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NCJ Number: 99276 Find in a Library
Title: What Is Fair in Child Custody Mediation?
Journal: Mediation Quarterly  Issue:8  Dated:(June 1985)  Pages:9-18
Author(s): D T Saposnek
Date Published: 1985
Page Count: 10
Format: Article
Language: English
Country: United States of America
Annotation: In attempting to ensure the fairness of a child custody mediation agreement, the mediator must consider complex, interactive issues pertaining to the individual personalities involved, the family system, sociopolitical and cultural values, and moral standards.
Abstract: In mediating child custody disputes, the mediator has an implicit ethical and moral responsibility to influence a settlement that adequately serves the child's interests. There are no absolute moral or legal standards that clearly define a child's best interests in a given custody case. Although joint custody appears to be fair to all the parties, it may not be in the best interest of the child given the particular lifestyles and personalities of the parents and the child's need for a stable and consistent environment. Fairness in a custody agreement is not only related to the individual personalities involved, but also to the ongoing (albeit divided) family system. Reduction of interparental strife is most fair for the child in the long run. At the sociopolitical and cultural levels, the mediator must consider the traditional roles of mothers and fathers in childrearing as well as sociopolitical forces influencing change in such roles, e.g., the feminist movement. Finally, the mediator must consider moral issues in determining fairness in the custody agreement; for example, the mediator must decide whether it is morally fair for the spouse who initiated the divorce to receive the same amount of time with and control over the children as the spouse who wanted to keep the family intact. Nine references are listed.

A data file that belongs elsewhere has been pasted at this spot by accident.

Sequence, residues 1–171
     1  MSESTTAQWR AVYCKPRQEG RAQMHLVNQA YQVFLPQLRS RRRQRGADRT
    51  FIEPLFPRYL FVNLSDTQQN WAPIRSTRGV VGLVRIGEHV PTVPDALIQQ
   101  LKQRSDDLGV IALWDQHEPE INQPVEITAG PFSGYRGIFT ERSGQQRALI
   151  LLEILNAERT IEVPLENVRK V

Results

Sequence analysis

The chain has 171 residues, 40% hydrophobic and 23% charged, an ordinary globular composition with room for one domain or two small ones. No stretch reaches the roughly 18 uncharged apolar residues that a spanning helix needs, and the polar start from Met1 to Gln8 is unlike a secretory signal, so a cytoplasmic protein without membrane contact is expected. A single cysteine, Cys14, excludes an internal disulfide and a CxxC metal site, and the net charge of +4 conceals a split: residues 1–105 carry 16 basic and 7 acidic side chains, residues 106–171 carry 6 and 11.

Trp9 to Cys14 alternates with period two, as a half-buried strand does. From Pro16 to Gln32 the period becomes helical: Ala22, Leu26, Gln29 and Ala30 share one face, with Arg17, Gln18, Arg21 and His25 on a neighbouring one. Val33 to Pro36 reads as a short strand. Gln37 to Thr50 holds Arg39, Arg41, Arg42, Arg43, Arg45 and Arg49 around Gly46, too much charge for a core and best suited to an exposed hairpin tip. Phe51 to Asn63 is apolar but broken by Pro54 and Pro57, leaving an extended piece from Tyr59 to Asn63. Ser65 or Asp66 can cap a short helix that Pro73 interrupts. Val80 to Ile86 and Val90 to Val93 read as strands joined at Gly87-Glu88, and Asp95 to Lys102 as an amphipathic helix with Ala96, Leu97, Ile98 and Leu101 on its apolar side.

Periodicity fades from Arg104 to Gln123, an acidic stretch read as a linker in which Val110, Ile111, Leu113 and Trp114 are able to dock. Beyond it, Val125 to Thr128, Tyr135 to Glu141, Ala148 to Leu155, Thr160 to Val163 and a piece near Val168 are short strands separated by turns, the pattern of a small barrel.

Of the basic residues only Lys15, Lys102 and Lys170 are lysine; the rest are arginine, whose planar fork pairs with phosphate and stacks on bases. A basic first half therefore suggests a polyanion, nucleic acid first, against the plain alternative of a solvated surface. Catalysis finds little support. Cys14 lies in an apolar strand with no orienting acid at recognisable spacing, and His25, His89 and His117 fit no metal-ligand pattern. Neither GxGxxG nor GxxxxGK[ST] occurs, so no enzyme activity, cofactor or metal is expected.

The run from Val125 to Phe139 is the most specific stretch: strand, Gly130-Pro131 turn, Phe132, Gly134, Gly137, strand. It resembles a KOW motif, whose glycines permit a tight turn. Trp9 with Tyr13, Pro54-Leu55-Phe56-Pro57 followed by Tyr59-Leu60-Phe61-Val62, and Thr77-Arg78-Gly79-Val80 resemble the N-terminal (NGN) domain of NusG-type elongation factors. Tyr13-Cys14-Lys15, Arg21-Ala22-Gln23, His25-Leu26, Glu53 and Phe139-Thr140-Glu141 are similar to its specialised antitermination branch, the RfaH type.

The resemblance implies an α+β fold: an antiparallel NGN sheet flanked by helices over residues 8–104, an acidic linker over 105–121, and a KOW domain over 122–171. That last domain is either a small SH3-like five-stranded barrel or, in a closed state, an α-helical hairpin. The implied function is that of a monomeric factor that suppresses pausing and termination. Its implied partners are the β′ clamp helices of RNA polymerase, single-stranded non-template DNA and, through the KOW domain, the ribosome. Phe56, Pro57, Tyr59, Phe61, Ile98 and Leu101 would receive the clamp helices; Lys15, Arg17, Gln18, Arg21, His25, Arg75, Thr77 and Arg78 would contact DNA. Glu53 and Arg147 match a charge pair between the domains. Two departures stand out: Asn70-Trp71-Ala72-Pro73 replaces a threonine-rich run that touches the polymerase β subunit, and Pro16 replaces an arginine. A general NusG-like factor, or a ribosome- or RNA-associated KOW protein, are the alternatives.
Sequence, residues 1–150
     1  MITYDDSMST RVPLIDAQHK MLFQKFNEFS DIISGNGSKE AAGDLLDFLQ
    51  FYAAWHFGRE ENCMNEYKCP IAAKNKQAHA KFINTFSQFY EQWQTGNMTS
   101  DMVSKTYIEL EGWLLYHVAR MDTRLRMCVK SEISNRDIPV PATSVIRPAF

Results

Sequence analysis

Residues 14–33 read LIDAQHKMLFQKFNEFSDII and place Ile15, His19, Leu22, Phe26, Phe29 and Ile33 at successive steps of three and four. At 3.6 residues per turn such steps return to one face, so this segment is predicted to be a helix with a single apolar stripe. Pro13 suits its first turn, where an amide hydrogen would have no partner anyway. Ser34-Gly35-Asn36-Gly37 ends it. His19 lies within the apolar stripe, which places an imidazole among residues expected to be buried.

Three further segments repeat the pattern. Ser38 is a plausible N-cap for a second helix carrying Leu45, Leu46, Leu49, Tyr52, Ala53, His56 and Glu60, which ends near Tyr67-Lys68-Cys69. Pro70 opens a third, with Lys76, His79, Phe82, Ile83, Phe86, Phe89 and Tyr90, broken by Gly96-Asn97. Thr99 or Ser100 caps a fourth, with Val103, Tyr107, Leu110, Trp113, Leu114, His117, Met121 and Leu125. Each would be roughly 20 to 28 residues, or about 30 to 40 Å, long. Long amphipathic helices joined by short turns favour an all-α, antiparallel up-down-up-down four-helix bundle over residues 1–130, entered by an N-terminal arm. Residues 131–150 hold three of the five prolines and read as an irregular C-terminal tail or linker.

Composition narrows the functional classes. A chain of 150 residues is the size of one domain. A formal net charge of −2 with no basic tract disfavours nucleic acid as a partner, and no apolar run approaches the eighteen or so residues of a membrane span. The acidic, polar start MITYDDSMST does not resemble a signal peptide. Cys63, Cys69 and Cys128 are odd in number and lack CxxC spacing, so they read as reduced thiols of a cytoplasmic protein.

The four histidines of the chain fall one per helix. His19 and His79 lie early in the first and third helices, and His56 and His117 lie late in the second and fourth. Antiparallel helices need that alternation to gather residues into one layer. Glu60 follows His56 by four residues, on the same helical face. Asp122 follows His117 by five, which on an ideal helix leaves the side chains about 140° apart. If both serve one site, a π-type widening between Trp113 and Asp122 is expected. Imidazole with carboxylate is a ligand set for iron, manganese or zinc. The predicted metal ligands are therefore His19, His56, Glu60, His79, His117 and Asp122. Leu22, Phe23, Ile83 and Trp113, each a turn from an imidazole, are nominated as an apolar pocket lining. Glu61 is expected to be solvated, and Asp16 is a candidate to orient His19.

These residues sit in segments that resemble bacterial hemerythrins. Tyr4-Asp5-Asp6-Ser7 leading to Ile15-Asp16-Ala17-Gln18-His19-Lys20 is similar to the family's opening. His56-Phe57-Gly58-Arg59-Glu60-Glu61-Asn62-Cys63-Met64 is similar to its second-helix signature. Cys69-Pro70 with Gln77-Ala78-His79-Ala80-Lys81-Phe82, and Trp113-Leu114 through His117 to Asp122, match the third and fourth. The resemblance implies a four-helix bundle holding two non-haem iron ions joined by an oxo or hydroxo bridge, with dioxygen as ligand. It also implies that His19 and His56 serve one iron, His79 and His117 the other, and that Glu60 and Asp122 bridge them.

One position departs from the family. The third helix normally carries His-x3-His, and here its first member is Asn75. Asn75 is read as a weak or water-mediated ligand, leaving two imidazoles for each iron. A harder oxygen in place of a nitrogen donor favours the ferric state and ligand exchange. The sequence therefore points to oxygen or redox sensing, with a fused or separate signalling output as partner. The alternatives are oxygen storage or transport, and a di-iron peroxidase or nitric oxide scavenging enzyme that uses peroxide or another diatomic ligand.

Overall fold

Index Term(s): Child custody; Divorce mediation; Mediators; Parental rights; Rights of minors
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